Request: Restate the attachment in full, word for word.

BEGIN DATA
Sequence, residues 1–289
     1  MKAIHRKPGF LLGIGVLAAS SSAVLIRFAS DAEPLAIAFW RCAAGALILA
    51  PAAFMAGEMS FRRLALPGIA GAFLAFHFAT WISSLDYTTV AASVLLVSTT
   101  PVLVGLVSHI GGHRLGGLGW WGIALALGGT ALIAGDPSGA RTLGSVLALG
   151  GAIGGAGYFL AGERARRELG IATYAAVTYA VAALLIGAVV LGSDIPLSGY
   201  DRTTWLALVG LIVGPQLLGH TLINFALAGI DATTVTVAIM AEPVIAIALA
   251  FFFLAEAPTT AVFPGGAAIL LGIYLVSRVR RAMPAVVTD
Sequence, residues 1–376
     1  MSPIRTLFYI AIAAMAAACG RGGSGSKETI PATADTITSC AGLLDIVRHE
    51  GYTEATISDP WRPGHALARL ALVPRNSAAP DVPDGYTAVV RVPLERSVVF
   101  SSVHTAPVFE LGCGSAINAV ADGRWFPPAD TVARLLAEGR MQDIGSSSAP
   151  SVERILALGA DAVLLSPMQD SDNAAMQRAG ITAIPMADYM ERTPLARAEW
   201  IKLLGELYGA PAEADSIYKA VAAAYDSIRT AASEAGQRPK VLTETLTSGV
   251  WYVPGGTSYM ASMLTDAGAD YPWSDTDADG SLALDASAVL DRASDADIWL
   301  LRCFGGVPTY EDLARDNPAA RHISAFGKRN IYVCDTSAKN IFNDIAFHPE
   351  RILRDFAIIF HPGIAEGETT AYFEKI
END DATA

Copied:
Sequence, residues 1–289
     1  MKAIHRKPGF LLGIGVLAAS SSAVLIRFAS DAEPLAIAFW RCAAGALILA
    51  PAAFMAGEMS FRRLALPGIA GAFLAFHFAT WISSLDYTTV AASVLLVSTT
   101  PVLVGLVSHI GGHRLGGLGW WGIALALGGT ALIAGDPSGA RTLGSVLALG
   151  GAIGGAGYFL AGERARRELG IATYAAVTYA VAALLIGAVV LGSDIPLSGY
   201  DRTTWLALVG LIVGPQLLGH TLINFALAGI DATTVTVAIM AEPVIAIALA
   251  FFFLAEAPTT AVFPGGAAIL LGIYLVSRVR RAMPAVVTD
Sequence, residues 1–376
     1  MSPIRTLFYI AIAAMAAACG RGGSGSKETI PATADTITSC AGLLDIVRHE
    51  GYTEATISDP WRPGHALARL ALVPRNSAAP DVPDGYTAVV RVPLERSVVF
   101  SSVHTAPVFE LGCGSAINAV ADGRWFPPAD TVARLLAEGR MQDIGSSSAP
   151  SVERILALGA DAVLLSPMQD SDNAAMQRAG ITAIPMADYM ERTPLARAEW
   201  IKLLGELYGA PAEADSIYKA VAAAYDSIRT AASEAGQRPK VLTETLTSGV
   251  WYVPGGTSYM ASMLTDAGAD YPWSDTDADG SLALDASAVL DRASDADIWL
   301  LRCFGGVPTY EDLARDNPAA RHISAFGKRN IYVCDTSAKN IFNDIAFHPE
   351  RILRDFAIIF HPGIAEGETT AYFEKI